Etymology
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Voltaire 

name taken from 1718 by French author François Marie Arouet after his imprisonment in the Bastille on suspicion of having written some satirical verses; originally de Voltaire. The signification is uncertain.

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Horst Wessel 
name of a Nazi activist and SA bandleader (1907-1930), author in 1929 of the lyrics to what became the German Nazi party anthem, known after as the Horst-Wessel-Lied ("Horst Wessel Song").
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Rabelaisian (adj.)

1775, "of or pertaining to the writings or style of 16c. French author François Rabelais," whose writings "are distinguished by exuberance of imagination and language combined with extravagance and coarseness of humor and satire." [OED]

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SMERSH (n.)
Soviet Army counter-espionage organization begun during World War II, 1953, from Russian abbreviation of smert' shpionam "death to spies." Introduced in English by "James Bond" author Ian Fleming.
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Junius 
masc. proper name, from Latin Junius, name of a Roman gens. In U.S. history, the pseudonym of the author of a famous series of letters in the "Public Advertiser" from 1768-1772 critical of crown policy. Related: Junian.
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Jehovist (n.)
1844 as the name given by scholars to the presumed author or authors of the parts of the Hexateuch in which the divine name is written Yhwh (see Jehovah) + -ist. Opposed to the Elohist. Sometimes Jahvist is used. Related: Jehovistic.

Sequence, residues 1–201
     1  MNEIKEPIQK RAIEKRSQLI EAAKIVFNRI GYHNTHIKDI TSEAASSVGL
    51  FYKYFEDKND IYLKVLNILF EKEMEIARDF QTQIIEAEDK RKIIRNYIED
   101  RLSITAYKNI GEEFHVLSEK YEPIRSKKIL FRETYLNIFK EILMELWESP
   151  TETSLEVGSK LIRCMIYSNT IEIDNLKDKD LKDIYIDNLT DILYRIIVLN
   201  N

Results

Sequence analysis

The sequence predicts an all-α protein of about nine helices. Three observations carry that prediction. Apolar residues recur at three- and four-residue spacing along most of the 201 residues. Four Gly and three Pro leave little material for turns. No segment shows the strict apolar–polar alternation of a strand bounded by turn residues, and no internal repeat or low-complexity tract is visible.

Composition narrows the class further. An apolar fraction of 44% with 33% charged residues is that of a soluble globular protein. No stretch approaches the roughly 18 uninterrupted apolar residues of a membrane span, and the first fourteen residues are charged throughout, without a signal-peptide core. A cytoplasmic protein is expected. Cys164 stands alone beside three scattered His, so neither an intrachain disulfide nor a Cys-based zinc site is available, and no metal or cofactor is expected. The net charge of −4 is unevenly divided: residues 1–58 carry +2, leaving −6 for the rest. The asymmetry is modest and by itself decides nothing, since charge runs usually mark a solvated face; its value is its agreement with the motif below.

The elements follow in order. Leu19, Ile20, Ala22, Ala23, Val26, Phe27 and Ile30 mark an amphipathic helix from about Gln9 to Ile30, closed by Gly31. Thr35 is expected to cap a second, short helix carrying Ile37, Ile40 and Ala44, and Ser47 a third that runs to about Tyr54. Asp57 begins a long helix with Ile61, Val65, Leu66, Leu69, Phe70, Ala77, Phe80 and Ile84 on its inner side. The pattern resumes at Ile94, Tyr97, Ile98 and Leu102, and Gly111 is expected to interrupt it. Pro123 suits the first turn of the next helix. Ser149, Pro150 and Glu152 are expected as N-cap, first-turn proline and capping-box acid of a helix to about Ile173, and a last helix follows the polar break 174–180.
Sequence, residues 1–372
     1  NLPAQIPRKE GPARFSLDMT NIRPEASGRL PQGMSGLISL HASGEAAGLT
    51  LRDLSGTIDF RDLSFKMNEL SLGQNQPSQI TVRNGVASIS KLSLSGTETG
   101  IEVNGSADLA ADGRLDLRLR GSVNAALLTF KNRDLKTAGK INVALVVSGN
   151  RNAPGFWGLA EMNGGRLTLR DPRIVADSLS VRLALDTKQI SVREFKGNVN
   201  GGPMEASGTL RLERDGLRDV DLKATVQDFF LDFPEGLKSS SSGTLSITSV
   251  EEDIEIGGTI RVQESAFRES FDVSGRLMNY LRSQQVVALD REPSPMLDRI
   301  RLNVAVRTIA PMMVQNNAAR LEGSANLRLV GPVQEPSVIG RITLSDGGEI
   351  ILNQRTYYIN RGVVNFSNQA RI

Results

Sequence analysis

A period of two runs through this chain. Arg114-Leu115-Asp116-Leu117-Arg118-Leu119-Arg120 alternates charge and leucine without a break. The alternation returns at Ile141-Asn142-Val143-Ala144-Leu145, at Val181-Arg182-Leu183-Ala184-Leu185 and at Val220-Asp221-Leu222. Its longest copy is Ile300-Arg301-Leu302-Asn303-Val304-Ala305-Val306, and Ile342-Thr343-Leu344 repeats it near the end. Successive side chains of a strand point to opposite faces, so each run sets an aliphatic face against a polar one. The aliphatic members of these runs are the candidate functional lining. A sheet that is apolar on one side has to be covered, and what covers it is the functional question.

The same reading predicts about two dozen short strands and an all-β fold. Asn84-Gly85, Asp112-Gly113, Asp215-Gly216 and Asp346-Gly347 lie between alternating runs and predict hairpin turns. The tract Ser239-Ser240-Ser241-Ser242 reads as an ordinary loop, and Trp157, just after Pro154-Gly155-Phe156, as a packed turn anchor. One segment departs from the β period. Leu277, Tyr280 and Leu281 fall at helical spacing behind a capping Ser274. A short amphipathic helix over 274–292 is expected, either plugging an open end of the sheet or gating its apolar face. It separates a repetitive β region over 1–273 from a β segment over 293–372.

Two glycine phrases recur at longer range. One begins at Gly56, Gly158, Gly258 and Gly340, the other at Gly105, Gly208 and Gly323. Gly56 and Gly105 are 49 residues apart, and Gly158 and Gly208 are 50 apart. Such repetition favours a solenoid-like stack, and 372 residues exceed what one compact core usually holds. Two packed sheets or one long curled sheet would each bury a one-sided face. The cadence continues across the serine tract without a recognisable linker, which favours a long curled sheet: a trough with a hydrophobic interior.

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robotics (n.)

"the science of robots, their construction and use," 1941, from robot + -ics. Coined in a science fiction context by Russian-born U.S. author Isaac Asimov (1920-1992), who proposed the "Three Laws of Robotics" in 1968.

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Peter Principle (n.)

1968, "in a hierarchy, every employee tends to rise to his level of incompetence," named for (and by) Laurence Johnston Peter (1919-1990) Canadian-born U.S. educationalist and author, who described it in his book of the same name (1969).

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Mitty 

also Walter Mitty, in reference to an adventurous daydreamer, by 1950, from title character in "The Secret Life of Walter Mitty," short story by U.S. author James Thurber (1894-1961) first published in the New Yorker March 18, 1939.

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neophobia (n.)

"fear of novelty, abhorrence of what is new or unaccustomed," 1877; see neo- "new" + -phobia "fear." German neophobie is attested as a dictionary word from 1870; Docteur Neophobus was an alias of French author Charles Nodier (1780-1844). Related: Neophobe; neophobic.

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